There were 18 incidents involving the use of pepper spray from December through February, compared with 46 the previous three months, the report said.
“There remains a need to focus on staff de-escalation training and skills development as well as a need to improve the overall atmosphere and culture of the environment in order to reduce incidents of violence,” the independent monitor, Teresa Abreu, wrote. “Merely reducing or modifying the intervention protocols for these types of incidents is not a sufficient response.”
Abreu is an attorney and prison consultant who previously helped run a juvenile detention center in Cook County, Illinois.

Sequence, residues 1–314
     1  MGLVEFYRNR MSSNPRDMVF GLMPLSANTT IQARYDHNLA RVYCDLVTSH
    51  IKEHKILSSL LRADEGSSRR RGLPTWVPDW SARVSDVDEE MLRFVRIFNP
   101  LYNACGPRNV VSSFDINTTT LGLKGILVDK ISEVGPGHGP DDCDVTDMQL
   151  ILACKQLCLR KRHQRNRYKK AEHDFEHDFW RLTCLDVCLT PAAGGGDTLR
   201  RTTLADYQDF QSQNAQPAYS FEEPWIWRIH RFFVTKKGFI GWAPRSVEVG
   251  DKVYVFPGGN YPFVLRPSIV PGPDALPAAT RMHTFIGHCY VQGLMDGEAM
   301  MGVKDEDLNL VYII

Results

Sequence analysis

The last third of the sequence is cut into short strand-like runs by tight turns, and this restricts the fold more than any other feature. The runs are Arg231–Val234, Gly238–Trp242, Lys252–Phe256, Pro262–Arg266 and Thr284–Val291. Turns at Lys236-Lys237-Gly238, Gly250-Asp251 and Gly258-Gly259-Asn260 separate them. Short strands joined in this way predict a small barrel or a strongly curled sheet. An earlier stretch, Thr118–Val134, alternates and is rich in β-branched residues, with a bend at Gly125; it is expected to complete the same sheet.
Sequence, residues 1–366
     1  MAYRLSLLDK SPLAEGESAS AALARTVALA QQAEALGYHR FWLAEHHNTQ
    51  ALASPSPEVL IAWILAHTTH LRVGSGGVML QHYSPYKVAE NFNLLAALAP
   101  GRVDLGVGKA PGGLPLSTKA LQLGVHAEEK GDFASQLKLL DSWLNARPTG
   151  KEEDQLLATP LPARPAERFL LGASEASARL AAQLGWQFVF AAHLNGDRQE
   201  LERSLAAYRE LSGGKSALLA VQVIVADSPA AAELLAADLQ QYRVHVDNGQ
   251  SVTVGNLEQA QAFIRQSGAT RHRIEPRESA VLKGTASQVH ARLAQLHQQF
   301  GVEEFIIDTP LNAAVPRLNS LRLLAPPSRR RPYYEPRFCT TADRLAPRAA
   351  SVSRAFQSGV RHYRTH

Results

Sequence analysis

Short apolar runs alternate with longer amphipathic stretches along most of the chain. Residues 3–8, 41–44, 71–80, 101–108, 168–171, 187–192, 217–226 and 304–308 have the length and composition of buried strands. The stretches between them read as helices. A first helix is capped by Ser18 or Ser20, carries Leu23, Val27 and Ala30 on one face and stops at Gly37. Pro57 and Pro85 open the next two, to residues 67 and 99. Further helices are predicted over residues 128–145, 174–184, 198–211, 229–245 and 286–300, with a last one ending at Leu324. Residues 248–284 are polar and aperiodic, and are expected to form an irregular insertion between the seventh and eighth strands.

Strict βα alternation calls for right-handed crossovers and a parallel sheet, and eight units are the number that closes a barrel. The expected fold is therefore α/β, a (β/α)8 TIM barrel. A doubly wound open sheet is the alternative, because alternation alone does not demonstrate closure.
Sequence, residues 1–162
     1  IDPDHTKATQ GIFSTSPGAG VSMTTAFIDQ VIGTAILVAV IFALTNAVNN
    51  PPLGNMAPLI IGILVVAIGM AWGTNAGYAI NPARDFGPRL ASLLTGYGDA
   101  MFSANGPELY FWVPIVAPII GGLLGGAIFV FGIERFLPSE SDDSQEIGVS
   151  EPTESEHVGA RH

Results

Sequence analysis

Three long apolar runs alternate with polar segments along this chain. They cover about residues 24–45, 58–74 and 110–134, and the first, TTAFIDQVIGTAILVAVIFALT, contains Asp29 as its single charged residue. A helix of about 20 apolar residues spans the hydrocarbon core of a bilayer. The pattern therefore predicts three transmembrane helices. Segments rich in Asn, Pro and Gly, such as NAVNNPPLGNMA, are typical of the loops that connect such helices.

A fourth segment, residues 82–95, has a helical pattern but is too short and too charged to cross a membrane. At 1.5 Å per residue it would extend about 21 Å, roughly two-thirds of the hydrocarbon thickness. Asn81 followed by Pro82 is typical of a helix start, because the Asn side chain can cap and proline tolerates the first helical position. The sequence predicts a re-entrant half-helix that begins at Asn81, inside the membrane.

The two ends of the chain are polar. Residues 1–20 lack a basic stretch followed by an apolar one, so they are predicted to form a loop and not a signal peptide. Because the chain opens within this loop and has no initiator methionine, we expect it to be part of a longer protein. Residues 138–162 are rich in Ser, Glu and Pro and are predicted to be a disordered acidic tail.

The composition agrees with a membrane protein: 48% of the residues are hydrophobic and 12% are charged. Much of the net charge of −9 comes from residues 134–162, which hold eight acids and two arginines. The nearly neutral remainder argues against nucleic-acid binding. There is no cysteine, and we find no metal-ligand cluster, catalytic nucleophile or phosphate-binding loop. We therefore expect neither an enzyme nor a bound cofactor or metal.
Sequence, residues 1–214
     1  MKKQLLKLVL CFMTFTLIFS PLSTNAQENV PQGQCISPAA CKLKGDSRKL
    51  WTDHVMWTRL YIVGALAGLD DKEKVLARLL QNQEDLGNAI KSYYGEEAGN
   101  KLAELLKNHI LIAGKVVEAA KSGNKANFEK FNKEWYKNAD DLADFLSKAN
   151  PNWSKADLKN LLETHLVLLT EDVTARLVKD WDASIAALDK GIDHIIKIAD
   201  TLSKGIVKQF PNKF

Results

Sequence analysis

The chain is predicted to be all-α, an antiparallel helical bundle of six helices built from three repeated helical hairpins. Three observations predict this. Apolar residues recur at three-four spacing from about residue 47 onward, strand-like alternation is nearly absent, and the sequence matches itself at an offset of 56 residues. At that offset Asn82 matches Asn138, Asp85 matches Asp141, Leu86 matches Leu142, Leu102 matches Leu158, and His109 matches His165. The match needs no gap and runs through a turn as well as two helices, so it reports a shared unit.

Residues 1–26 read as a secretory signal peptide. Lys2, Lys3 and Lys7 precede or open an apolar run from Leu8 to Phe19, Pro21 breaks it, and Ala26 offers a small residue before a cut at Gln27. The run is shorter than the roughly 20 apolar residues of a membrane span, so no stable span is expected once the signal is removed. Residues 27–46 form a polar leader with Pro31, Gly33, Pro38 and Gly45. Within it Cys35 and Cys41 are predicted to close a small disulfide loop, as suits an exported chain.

She also found that prison guards continue to work 16-hour days and are not promptly responding to inmates’ calls for help, a delay that led to the inmate suffering brain damage. She reported that the use of shackles and solitary confinement is down, but still continues. Prison guards also began strip searching inmates without cause in January, the report found. A memo was sent to prison staff in March telling them to only conduct strip searches when there’s just cause.
“It’s good to see some progress, but we are concerned that (prison) staff are backsliding in use of strip searches, which can be very traumatizing for youth — many of whom have been victims of sexual abuse and other trauma,” said Karen U. Lindell, senior attorney at Juvenile Law Center. “We also need better data collection to detail what is happening in the facilities.”